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The Untold Story Of How New Zealand Got Her Independence.

New Zealand is a member of the British Commonwealth, and compromises North Island, South island, and the small Stewart . Most of the people are of British descent. Many descendants of the original Maoris, who came from the islands of Polynesian, live in North island, some in the same conditions as their primitive ancestors.

Most of them nowadays are farmers. The climate of New Zealand is similar to that of the British Isles, especially in the south, and crops and animal introduced by British settlers have flourished.

South Island: The west I'd thickly forested and the high rainfall prohibits much farming. Coal is mined round Grey mouth and Westport. The southern Alps are noted for winter sports. Apples are the chief product in the northern valleys. The Canterbury plains on the drier eastern side are famed for wool and Canterbury lamb.

The Otago region in the south is cooler and there are wide moorlands. Oats and diary produce are the typical products.

North Island: Sheep are reared on the eastern mountains and dairy cattle on the damp lowlands round Mount Egmont, a volcanic cone. There are many Volcanoes(mostly inactive), GEYSERS and hot Springs in the central religion, and the soil is poor. Lemons, oranges and grapes are grown in the Auckland peninsula. Resin or gum from decayed from decayed pine trees is exported. Auckland is the largest city in New Zealand and a great port, but the capital is Wellington, which has a fine harbour. The chief exports are butter, cheese, wool, frozen mutton, and beef, most of which are sent to the British isles in return for manufactured goods.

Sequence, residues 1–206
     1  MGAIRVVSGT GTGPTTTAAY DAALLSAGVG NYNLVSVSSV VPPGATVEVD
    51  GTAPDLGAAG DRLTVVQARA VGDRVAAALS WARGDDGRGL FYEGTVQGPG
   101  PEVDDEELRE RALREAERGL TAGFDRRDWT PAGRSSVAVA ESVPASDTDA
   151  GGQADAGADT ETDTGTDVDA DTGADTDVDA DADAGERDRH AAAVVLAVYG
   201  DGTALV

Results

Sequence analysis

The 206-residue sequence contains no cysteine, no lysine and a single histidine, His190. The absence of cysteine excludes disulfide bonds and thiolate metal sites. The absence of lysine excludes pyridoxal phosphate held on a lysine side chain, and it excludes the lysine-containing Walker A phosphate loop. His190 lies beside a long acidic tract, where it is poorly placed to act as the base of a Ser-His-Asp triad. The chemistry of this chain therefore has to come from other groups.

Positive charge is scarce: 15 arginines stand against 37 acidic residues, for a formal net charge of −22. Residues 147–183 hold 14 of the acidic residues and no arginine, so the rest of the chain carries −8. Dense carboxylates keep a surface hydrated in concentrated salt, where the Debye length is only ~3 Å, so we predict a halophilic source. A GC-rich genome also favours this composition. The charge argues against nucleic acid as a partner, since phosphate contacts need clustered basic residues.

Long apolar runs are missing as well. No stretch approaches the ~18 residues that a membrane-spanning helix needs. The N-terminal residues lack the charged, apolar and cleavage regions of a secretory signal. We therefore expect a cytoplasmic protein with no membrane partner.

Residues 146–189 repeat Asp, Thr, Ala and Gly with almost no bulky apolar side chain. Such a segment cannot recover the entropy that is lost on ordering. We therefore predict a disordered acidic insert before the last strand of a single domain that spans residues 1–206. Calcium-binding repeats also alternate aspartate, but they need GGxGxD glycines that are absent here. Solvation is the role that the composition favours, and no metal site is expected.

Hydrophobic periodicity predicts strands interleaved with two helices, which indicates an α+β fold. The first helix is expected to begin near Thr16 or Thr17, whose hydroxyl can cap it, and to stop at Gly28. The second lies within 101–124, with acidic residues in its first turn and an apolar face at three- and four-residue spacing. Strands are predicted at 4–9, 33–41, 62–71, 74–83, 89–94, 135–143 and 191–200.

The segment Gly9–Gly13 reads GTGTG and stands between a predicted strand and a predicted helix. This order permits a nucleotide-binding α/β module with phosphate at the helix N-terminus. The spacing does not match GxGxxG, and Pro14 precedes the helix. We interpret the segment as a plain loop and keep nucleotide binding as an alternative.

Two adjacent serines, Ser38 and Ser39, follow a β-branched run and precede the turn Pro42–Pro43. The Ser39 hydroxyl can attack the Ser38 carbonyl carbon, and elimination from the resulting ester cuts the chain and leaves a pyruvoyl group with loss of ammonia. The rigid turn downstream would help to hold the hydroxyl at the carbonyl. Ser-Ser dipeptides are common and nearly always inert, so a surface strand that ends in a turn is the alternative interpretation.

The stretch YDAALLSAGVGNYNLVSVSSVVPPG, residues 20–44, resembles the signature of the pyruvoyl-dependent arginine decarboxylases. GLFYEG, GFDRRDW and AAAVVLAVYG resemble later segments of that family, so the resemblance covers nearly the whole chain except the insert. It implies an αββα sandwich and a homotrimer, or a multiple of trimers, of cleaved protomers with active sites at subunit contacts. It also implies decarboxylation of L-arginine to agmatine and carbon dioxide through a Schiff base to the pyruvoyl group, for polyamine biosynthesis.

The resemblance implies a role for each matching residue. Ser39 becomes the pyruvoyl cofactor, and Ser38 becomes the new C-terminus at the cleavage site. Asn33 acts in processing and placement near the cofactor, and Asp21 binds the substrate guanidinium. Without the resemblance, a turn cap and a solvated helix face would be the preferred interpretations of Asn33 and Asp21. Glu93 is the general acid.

History: New Zealand was discovered by the Dutch navigator, Abel Tasman, in 1642, and named after Zealand, one Dutch provinces. The islands were visited and explored by Captain Cook in 1769, and in 1773, 1774, and 1777. From 1792 the crews of sealing and whaling vessels had settlements along the coasts, and trade in timber and flax followed. Christian missionaries arrive in 1814.

In 1883 a British Resident was appointed. A thousand British Colonist's arrived in 1839, and on hearing that the French were about to send out a similar expedition, the Government of New South Wales took formal possession in the name of Queen Victoria. New Zealand became a separate colony the following year.

In 1840 Captain Hobson met the Maori chiefs at Waitanga, and made a treaty with them, but there was much fighting between them and the white man for many years. The man who did the most to win the trust and respect of the Maoris was Sir George Grey, who was governor from 1845 to 1853, and again from 1861 to 1867.

During his last term of office, he brought the Maori wars to an end.

In 1907 New Zealand became a self-governing dominion, and the Maoris have a share in the government. During both world Wars New Zealanders have fought in defence of the British Commonwealth.

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British Isles Canterbury New Zealand North Island Polynesian

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